If you did decide to obtain an independent EP report yourself, you could submit this as part of your request for an EHC needs assessment. If the LA then decides to carry out an assessment, the LA would also then need to make a decision regarding whether to obtain out a further EP report. The process for an EHC needs assessment is set out in Reg 6(1) of the Special Educational Needs and Disability Regulations 2014 (“SEN Regs”):
“Where the local authority secures an EHC needs assessment for a child or young person, it must seek the following advice and information, on the needs of the child or young person, and what provision may be required to meet such needs and the outcomes that are intended to be achieved by the child or young person receiving that provision—
(a) advice and information from the child's parent or the young person;
(b) educational advice and information—
(i) from the head teacher or principal of the school or post-16 or other institution that the child or young person is attending, or
(ii) where this is not available, from a person who the local authority is satisfied has experience of teaching children or young people with special educational needs, or knowledge of the differing provision which may be called for in different cases to meet those needs, or
(iii) if the child or young person is not currently attending a school or post-16 or other institution and advice cannot be obtained under sub-paragraph (ii), from a person responsible for educational provision for the child or young person, and
(iv) if any parent of the child or young person is a serving member of Her Majesty's armed forces, also from the Secretary of State for Defence;
(c) medical advice and information from a health care professional identified by the responsible commissioning body;
(d) psychological advice and information from an educational psychologist;
(e) advice and information in relation to social care;
(f) advice and information from any other person the local authority thinks is appropriate;
(g) where the child or young person is in or beyond year 9, advice and information in relation to provision to assist the child or young person in preparation for adulthood and independent living; and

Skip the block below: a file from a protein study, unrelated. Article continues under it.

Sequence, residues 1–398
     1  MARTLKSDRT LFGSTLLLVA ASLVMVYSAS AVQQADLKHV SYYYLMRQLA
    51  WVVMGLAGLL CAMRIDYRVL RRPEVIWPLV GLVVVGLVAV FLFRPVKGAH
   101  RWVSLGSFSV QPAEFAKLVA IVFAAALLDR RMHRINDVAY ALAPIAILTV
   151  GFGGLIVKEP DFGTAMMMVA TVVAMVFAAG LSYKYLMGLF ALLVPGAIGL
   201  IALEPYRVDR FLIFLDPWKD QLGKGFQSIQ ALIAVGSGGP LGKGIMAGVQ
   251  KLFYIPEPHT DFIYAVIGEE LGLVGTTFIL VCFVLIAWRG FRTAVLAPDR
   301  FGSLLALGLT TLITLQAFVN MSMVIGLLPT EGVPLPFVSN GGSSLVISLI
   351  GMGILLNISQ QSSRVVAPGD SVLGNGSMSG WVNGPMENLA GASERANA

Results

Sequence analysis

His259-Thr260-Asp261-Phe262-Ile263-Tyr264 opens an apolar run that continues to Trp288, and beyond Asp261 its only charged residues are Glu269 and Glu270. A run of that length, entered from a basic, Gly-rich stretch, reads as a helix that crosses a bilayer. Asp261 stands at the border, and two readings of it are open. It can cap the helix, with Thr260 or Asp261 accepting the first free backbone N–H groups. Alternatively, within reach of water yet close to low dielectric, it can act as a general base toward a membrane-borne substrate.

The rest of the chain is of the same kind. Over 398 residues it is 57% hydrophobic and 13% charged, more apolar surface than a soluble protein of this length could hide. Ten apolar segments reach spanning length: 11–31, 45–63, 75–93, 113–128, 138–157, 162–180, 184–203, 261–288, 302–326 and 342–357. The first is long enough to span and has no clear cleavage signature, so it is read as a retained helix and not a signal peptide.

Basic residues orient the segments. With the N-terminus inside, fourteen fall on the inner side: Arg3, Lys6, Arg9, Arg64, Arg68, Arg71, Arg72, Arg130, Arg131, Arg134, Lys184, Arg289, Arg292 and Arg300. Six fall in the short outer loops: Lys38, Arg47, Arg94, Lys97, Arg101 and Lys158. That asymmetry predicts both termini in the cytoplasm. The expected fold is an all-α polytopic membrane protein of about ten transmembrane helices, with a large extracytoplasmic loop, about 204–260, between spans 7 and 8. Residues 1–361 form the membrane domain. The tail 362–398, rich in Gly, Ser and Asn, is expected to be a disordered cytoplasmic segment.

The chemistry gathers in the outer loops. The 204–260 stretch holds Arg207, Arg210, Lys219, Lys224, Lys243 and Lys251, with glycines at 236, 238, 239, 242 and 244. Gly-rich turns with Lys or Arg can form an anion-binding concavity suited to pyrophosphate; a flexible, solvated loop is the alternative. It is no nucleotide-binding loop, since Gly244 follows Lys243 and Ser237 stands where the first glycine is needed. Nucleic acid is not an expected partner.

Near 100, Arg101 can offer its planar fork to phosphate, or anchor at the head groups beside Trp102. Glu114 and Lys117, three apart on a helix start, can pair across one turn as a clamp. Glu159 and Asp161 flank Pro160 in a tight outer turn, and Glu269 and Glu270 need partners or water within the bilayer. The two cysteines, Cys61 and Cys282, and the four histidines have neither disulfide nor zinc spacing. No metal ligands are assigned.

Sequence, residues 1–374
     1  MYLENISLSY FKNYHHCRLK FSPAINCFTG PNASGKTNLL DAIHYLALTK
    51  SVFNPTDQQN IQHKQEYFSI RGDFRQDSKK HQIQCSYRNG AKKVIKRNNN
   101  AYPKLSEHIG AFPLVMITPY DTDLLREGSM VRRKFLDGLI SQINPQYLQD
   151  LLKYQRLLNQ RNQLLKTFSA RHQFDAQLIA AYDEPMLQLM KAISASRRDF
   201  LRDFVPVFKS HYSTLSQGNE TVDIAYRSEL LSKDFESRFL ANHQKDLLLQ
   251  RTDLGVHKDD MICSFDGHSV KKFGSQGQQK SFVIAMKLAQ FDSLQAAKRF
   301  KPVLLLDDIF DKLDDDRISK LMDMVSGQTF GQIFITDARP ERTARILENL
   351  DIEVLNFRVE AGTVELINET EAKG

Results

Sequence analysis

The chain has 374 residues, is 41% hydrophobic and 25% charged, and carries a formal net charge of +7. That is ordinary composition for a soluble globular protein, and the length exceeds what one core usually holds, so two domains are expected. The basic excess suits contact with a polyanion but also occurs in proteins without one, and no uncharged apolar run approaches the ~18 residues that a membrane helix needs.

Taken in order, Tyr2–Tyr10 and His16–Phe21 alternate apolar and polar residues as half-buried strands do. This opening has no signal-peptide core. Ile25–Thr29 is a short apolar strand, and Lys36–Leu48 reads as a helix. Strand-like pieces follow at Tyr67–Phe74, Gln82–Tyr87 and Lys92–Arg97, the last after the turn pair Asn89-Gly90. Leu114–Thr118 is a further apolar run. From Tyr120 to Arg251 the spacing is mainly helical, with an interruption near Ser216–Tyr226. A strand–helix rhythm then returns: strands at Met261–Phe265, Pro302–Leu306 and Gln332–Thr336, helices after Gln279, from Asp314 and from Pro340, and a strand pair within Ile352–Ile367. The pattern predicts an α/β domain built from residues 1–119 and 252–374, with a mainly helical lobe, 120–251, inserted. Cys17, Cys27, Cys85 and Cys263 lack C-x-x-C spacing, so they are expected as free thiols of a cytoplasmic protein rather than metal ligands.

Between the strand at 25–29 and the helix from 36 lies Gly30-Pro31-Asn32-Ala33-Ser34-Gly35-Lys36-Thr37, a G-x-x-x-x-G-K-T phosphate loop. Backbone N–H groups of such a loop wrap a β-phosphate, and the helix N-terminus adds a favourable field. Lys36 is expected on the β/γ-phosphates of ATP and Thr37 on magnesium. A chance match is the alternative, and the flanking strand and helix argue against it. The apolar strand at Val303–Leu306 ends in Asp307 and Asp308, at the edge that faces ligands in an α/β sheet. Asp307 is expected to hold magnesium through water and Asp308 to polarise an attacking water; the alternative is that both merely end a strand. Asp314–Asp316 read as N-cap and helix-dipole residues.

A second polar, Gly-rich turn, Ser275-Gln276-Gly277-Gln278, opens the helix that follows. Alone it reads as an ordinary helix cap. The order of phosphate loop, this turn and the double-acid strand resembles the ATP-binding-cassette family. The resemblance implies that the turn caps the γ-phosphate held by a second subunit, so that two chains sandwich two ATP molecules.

(h) advice and information from any person the child's parent or young person reasonably requests that the local authority seek advice from.”
As you can see, an EP report must be obtained as part of the EHC needs assessment, and that report must give advice regarding the child’s needs, provision and outcomes. However, if that advice already exists, then the LA can choose to use this rather than obtain another report if the LA, parent and person who wrote the report all agree that the report is sufficient for the purposes of the EHC needs assessment (Reg 6(4) of the SEN Regs).
The word ‘sufficient’ isn’t defined or explained in the SEN Regs so we would suggest considering:
- Does the report identify needs, provision and outcomes?
- Are these specific and quantified?
- Is the report recent?
If the answer to these is yes, then it’s likely to be sufficient. It is important to note though, that there is no timeline for when a report is likely to be out of date, and this will vary from child to child, depending on their age and needs.
It is important that everyone must agree that it is sufficient. If the LA or the EP feel that it is not, then the LA would have to obtain a new report. Therefore, there are no guarantees that obtaining an EP report now will speed up the EHC needs assessment process.